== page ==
State Bank of India signs MoU with Credai
State Bank of India and real estate developers’ body Credai have signed a memorandum of understanding ( MoU) to jointly conduct various initiatives towards development of the realty sector. The MoU will be in force for a period of three years. Each of them will use their individual strengths and collaborate in areas to promote housing for all, which will be beneficial to the sector, SBI said in a statement.
SBI will be a national partner for all Credai activities and both will j ointly work together for various marketing activities. The ticket size of new residential launches across top eight cities has seen an average decline of 14% year – on – year (y-o-y). This was a consequence of many developers recalibrating their market strategies that involved reducing effective cost of their property and restricting the number of new launches in order to reduce their inventory holding, says a new report by Cushman & Wakefield.
In accordance with the market sentiments, the total number of new housing units declined during the year by 11% to approximately 113,000 units. Of this, mid housing segment accounted for 56% of the total unit launches followed by value housing segment at 32%. On a y-o-y basis, value housing segment noted an increase of 22% to more than 36,300 units.
The high-end segment, on the other hand, was impacted the most, wherein launches almost halved to 12,000 units during the year.
In most cities developers have sought to rationalise ticket sizes especially in the high-end and luxury segments, which has been hit the most.
“The government has been resilient in its efforts to create affordable housing and achieve its target of Housing for All by 2022 and is taking steps to build in benefits for developers to participate. Post demonetisation, markets have witnessed a slow uptake of residential properties on account of price and value mismatch. Consequently, developers are also relooking at their strategies to create better value for homebuyers,” says Anshul Jain, managing director, India, Cushman & Wakefield. China has pledged to contain the country’s fast-rising home prices to its annual work report as a red-hot property market resisted cooling measures and purchase restrictions spread out from the biggest cities.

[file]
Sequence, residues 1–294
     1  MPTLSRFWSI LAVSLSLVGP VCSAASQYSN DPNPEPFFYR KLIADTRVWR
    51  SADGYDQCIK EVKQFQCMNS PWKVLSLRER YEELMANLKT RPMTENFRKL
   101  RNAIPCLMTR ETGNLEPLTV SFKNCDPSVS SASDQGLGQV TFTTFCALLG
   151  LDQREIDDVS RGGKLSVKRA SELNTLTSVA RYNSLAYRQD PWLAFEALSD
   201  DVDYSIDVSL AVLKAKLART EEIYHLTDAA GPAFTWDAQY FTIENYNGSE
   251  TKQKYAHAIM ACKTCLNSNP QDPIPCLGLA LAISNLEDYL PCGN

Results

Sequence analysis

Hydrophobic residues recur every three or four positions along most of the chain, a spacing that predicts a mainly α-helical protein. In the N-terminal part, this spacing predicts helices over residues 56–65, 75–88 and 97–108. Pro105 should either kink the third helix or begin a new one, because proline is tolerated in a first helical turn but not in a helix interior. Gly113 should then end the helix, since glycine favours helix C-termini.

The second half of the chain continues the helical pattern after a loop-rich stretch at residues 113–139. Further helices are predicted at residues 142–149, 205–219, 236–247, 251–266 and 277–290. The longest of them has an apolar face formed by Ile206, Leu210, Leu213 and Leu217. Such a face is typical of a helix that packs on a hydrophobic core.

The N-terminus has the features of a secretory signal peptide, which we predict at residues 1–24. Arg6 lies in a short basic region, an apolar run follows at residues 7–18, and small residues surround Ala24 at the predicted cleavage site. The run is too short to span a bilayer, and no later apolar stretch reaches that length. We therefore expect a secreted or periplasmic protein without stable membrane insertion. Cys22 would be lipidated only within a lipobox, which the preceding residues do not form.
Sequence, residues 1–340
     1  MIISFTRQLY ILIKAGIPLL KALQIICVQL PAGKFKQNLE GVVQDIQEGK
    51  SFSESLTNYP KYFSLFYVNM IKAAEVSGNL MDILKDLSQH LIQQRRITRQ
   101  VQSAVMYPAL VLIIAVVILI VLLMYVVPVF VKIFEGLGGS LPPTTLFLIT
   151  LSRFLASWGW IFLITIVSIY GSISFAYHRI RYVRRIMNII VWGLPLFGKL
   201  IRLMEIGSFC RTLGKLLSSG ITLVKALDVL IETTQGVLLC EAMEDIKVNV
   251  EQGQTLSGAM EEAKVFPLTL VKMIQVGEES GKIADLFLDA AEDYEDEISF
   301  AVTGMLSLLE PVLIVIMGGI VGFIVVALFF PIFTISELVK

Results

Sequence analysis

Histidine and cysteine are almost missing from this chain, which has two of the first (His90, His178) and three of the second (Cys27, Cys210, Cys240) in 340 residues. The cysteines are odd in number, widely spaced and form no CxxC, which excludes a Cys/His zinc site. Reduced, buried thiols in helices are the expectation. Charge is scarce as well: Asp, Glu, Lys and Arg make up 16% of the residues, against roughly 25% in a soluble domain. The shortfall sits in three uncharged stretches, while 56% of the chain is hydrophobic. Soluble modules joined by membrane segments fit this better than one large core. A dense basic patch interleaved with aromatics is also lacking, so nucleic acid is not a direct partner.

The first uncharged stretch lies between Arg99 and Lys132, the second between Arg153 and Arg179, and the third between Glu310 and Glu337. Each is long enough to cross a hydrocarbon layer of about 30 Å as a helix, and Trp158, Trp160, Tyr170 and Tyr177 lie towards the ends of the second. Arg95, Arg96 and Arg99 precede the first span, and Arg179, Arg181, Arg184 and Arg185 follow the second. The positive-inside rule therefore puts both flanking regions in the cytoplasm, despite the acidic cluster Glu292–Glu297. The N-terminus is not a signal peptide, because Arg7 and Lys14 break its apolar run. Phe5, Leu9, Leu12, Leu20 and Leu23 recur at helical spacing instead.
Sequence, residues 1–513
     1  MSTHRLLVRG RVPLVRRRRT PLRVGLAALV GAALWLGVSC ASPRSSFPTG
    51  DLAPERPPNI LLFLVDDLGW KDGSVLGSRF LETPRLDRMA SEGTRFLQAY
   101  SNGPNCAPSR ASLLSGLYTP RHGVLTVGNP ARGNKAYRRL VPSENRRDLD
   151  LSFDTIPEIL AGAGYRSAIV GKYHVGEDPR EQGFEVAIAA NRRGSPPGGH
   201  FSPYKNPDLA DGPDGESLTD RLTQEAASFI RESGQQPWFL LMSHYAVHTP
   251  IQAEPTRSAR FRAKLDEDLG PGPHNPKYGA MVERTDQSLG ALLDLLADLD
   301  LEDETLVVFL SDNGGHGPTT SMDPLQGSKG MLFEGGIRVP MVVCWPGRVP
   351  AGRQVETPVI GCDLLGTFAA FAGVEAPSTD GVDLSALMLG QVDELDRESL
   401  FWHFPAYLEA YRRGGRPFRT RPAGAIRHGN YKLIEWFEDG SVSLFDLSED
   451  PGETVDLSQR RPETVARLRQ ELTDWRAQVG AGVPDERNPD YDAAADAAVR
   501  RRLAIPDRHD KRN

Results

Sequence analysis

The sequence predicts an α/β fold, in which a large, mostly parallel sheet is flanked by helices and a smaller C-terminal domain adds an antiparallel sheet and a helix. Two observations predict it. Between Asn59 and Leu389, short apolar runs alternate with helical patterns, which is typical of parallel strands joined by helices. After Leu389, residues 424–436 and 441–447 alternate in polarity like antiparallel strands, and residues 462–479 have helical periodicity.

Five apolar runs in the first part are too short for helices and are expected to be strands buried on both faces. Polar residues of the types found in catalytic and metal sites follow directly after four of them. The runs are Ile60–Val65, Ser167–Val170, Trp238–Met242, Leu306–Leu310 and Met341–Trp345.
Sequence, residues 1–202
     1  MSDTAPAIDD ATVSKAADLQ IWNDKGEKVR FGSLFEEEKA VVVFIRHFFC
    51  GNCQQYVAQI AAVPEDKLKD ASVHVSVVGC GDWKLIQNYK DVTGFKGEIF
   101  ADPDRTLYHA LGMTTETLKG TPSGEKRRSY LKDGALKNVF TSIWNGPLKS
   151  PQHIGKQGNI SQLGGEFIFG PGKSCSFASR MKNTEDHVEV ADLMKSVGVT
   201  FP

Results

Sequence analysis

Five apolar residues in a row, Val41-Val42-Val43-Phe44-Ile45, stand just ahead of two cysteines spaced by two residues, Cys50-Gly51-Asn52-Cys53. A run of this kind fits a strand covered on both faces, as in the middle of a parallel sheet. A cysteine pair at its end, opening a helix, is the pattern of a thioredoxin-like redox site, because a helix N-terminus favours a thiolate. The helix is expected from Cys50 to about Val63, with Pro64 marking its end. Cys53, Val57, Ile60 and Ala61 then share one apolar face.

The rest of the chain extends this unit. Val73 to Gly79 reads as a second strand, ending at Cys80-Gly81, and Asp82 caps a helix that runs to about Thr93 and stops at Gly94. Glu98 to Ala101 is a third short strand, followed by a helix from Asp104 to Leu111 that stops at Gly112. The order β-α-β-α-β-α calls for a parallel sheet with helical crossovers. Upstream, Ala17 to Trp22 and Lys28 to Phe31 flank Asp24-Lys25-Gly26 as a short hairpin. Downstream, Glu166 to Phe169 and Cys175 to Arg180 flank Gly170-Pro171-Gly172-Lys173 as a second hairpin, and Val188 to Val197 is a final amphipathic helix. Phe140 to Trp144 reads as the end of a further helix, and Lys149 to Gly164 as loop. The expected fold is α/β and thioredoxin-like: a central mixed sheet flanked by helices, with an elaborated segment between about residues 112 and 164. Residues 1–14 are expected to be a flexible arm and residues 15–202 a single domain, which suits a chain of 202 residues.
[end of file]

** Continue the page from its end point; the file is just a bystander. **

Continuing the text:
Several lower-tier cities have raised the bar for home purchases this month as speculators from outside flood smaller markets, with home prices nationwide continuing to rise.
The final version of the government work report said “containing excessive home price rises in hot markets” will be a key focus this year, according to a final version of the report released by official state media Xinhua.
The first version of the work report, delivered by premier Li Keqiang on March 5, did not include the phrase.
Home sales surged in the first two months of the year despite government measures, though growth in real estate investment showed signs of easing, according to data released this week.
Lending to households, mostly mortgages, expanded rapidly last year, accounting for 50% of all new loans, and remained high in January. People’s Bank of China (PBOC) Governor Zhou Xiaochuan said last week that measures to cool rising house prices would slow mortgage growth to some degree, though housing loans would continue to grow at a relatively rapid pace.
Several major banks in Beijing have temporarily stopped issuing housing loans since February, financial magazine Caixin said citing bank and property agent sources, though the halt was due to a lack of loan quota, with approval timelines extended but loans still being granted.
China’s state-run banks typically rush to issue loans early in the year to lock-in clients before quotas for lending are exhausted.
The banking regulator and the PBOC have told banks to curtail new mortgage lending, stateowned newspaper Economic Information Daily reported, citing unnamed banking sources.
Caixin cited regulator sources saying that the PBOC was monitoring lending in real time and guiding banks to not allow personal loans to increase too much.